Return Of The Dead

The “return” refers to the name, not the band. The band never went away. After Jerry Garcia’s untimely death in 1995, the surviving members continued as “The Other Ones.” But the name never really clicked, and the band seemed to be drifting.

Happily, this state of affairs has changed—as announced by the band’s press release this week—which I quote in part:

Seven years ago, when Jerry passed, we made a conscious decision to retire the name Grateful Dead. We did so after some deep soul searching and out of our love and respect for what we had created together. After we played our first shows together at Alpine Valley last year, we were all profoundly affected by a sense of awe and connection that none of us had felt since we played with Jerry.

It was a magical occurrence that no one could have anticipated, yet one we all want to embrace. To us, this was the Grateful Dead- without Jerry. We had stopped being the ‘Other Ones’ and were on our way to becoming something new but at the same time very familiar.

‘Grateful Dead’ conjures up many different emotions and feelings for all of us; it was a BAND, it continues to be a community, an approach to life, a electrical current, a dream, the list goes on. Whenever and wherever we played this past year, we all knew that we were experiencing Grateful Dead in its multiplicity of forms. We also know that this would not have been possible without all of you joining to support us.

Therefore, with the greatest possible respect to our collective history, we have decided to keep the name ‘Grateful Dead’ retired in honor of Jerry's memory, and call ourselves: ‘The Dead.’ “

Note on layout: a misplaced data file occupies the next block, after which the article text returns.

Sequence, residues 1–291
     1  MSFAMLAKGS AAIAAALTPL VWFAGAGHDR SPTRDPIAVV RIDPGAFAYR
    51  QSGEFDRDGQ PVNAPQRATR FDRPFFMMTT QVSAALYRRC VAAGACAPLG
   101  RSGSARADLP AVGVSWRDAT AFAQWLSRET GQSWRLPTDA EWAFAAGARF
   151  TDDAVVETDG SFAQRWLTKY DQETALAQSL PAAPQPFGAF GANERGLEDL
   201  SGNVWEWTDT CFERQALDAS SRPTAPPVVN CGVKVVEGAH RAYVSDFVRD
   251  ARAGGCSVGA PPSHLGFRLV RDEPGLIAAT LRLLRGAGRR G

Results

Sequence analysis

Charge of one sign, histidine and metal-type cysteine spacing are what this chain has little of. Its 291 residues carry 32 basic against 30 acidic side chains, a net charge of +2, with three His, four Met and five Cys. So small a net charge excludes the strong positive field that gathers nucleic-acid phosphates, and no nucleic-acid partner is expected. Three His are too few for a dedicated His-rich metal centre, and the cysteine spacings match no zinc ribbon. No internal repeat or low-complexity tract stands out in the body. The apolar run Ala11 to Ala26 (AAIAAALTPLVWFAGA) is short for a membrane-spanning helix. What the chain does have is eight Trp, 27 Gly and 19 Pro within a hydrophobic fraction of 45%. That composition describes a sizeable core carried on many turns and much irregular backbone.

In the same release, the Dead announced that they would kick off their new name with a benefit concert on Valentine’s Day at the Warfield Theatre in San Francisco. “Ticket sales will commence at noon Monday,” the release declared.

At 12:08 Monday, all tickets were gone. The Dead is beginning/The Dead is back. A simultaneous serendipity.

Monday, February 10, 2003

The Shugart Index of Economic Indicators

During the years when I commuted to the city, I found that a simple but accurate indicator of economic activity was the level of rider-ship on the trains. Never mind the economists’ fancy theories or the spins of whatever Administration was in office at the moment. The trains told the real story.

This past Friday I was in the heart of Silicon Valley for the first time in over a year. I decided to apply a variation of the Shugart Economic Evaluation that seemed appropriate for that region--the Drive-By Assessment. George W should have been with me. He might have learned something.

I was literally stunned as I drove by acre after acre of parking lots surrounding the huge stretch of technology complexes. Some of these lots were totally empty. Most of them averaged around ten, or at most, twenty per cent occupancy. It was a forlorn tableau. The only lot that was filled to the edges was, of course, Google, deservedly so.

It’s one thing to read about the downturn, or to talk to individuals lamenting their reversals of fortune. But this simple drive-by put it into an immediate and vivid perspective.

Will the Old World Save Us?

Merci beaucoup to La Belle France for lending a hand to the people of the US—giving some welcome payback to their former liberators, as it were. I’m referring, of course, to their sticking up for some sanity and trying to throw a monkey wrench into Bush’s hard charge towards potential catastrophe.

And ditto for the Germans, Russians, Belgians, and Chinese. As Lisa English puts it:

”Whodda thunk it? Freedom loving Americans, now under the thumb of a repressive Bush regime, are looking for the world to get us out of this mess.”

Thursday, February 06, 2003

Taking A Break

I'm leaving town for a couple of days to keep my wife company while she attends a seminar. We're planning to kick her business into the next gear, and this is the first step. See you after the weekend. Have a good one.